When kids live through trauma, even when it has huge immediate and long-term consequences, they’re still kids. Lane conveys this extremely skilfully. We hear everything from Gracie’s perspective: still with a child’s naivete at eleven, but with the beginnings of adult knowledge creeping in. Grace can be flippant about the kids who have died. She sometimes has self-centred thoughts like wishing someone closer to her would die so that she can be grief-stricken like the other families. Mostly she’s preoccupied by Toby, the boy she has a crush on, and what he thinks of her. She does stupid things like not telling any adults when her brother Elijah goes off into the bush by himself, or setting off herself to try to hitchhike to Queensland despite the clear and present danger. You want to shake her, but of course, she’s an eleven-year-old girl. This is how she would respond. Yet we know the trauma is still doing its work on her through her physical responses – twisting guts, sleepless nights, wanting to throw up, bursting into tears, off her food, pale, stressed.
When they come, the denouements (there are two: the revelations of who’s been killing the kids, and what really happened at the river picnic) are not earth-shattering. In fact both are quite well signposted for the adult reader, if not for Gracie. There’s a (fairly hasty) final action sequence that changes the future landscape for Gracie and her family, signifying both the lasting impact of trauma, and growth and renewal for the family as her parents finally step up to their responsibilities.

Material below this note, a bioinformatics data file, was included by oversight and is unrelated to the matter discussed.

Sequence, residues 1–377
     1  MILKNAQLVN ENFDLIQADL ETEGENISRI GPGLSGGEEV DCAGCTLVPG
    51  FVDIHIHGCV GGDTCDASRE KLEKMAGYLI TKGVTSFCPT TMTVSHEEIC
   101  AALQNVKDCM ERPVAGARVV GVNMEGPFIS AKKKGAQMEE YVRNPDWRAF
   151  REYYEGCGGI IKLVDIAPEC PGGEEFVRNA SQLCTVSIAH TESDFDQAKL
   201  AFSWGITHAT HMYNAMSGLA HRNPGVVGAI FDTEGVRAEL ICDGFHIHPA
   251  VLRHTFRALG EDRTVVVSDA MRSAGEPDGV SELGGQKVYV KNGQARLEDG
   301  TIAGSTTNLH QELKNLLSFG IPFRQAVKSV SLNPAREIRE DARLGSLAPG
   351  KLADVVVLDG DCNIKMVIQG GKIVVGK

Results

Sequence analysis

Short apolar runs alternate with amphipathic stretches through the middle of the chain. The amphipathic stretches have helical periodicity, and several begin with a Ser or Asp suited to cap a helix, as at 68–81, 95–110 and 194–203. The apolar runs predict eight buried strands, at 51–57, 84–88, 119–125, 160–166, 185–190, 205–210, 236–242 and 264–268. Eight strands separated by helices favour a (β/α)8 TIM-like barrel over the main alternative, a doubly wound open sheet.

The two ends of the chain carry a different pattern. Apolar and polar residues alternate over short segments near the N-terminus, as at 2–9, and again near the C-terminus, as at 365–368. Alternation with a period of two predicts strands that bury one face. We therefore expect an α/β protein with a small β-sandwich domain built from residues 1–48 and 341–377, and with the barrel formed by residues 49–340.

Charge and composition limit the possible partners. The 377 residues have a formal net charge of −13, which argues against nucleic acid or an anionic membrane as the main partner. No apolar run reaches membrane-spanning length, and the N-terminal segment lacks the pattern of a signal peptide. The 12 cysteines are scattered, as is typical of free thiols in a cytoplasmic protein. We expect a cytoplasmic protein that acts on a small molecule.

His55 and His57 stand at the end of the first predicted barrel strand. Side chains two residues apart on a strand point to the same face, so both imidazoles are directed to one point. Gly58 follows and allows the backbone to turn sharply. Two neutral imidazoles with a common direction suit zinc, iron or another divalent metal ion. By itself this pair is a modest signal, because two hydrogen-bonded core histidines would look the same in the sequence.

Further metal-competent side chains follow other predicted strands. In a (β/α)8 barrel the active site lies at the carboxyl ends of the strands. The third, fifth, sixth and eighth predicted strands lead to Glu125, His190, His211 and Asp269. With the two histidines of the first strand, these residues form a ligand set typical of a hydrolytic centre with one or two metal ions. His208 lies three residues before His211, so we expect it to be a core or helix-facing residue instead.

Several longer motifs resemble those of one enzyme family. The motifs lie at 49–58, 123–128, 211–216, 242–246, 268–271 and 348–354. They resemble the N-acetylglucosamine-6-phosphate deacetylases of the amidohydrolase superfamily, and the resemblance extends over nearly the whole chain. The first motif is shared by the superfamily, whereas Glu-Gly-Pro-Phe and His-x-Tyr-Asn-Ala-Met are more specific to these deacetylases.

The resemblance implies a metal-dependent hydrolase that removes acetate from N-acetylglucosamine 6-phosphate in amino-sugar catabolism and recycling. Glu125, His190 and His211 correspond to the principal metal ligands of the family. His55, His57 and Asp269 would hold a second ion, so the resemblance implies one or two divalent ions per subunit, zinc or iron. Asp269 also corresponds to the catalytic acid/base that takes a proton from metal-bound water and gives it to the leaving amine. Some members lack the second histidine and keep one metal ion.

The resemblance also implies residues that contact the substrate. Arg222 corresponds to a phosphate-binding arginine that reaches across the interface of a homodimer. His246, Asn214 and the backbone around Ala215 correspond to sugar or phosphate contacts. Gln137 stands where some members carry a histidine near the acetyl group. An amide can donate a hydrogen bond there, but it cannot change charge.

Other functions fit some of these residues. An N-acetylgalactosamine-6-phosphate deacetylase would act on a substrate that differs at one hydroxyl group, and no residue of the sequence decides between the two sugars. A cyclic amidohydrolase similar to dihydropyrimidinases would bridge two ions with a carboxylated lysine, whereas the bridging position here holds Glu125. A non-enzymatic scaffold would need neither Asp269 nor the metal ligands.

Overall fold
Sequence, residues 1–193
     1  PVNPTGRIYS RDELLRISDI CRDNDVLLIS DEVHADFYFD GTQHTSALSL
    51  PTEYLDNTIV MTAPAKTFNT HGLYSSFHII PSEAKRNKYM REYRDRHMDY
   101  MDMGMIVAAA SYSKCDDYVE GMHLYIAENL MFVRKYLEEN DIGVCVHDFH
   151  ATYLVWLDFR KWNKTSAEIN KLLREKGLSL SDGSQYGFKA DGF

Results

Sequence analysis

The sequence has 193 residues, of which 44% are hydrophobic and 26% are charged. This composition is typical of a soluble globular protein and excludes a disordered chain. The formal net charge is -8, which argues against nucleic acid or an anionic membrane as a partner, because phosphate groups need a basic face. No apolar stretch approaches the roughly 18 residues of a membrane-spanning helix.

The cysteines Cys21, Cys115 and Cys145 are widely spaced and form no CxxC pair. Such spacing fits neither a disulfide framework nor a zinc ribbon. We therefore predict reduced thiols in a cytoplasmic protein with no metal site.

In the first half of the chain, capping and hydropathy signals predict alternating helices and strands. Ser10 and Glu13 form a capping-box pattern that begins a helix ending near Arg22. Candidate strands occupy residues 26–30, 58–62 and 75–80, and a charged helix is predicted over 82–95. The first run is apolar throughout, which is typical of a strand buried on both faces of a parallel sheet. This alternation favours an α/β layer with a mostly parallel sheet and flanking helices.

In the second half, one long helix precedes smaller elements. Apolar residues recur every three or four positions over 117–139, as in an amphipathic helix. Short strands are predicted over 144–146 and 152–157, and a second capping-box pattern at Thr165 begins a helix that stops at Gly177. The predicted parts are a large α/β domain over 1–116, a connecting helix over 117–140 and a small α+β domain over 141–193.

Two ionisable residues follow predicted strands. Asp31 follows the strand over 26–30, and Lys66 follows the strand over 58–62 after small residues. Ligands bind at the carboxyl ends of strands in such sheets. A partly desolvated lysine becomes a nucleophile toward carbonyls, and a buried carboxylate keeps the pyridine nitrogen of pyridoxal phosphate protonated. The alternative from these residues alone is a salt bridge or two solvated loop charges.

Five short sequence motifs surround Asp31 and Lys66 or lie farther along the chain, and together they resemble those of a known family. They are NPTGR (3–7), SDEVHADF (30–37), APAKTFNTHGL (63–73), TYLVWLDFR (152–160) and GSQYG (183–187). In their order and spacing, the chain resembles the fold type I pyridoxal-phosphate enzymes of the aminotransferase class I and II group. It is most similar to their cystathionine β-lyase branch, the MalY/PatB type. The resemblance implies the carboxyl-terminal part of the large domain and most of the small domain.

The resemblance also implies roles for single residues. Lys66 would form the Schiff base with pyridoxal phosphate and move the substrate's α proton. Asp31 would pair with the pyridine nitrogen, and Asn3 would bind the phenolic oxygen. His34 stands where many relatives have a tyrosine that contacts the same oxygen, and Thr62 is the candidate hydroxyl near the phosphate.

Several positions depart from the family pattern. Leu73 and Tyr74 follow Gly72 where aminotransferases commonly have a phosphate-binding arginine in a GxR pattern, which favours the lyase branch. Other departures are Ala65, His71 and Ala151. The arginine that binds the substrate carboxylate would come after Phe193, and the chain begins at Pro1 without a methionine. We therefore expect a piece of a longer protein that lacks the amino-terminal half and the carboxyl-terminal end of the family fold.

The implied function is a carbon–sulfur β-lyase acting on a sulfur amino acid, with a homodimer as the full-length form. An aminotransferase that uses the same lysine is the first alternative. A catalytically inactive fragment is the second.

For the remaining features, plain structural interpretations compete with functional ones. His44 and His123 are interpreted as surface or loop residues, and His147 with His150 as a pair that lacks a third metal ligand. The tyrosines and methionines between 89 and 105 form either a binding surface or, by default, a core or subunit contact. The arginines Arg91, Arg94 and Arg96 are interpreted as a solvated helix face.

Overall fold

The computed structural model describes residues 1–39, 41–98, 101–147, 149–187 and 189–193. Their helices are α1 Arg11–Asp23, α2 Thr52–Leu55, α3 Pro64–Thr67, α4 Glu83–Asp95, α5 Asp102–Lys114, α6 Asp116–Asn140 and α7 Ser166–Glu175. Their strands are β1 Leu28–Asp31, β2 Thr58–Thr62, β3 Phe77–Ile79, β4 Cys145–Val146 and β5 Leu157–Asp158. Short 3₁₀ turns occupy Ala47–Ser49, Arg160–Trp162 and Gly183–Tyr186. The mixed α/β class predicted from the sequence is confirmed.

The novel’s real achievement, I think, is in the loving depiction of family life in this place and at this time: rissoles with tomato sauce; toddlers with snotty noses; Mum taking time for herself with a glass of cask wine and the New Idea crossword; chain-smoking; dry-grassed front lawns; town gossip; kids’ talk at school; sibling relationships. Coongahoola and Gracie’s family home are rich, warm, alive places in Lane’s rendering.
It’s a powerful reminder of what it’s like to be a kid – or what it was like, back in a time when kids ran more freely than they do now. It was a time of greater independence, perhaps greater resilience, but also of grave risk.
HOLLY WALKER is a PhD student in creative writing at the International Institute of Modern Letters at Victoria University, and a writer, reviewer and children’s advocate. Her memoir The Whole Intimate Mess: Motherhood, politics and women’s writing was published by Bridget Williams Books in 2017, and her essays and reviews have been widely published. She lives in Lower Hutt with her partner and two daughters.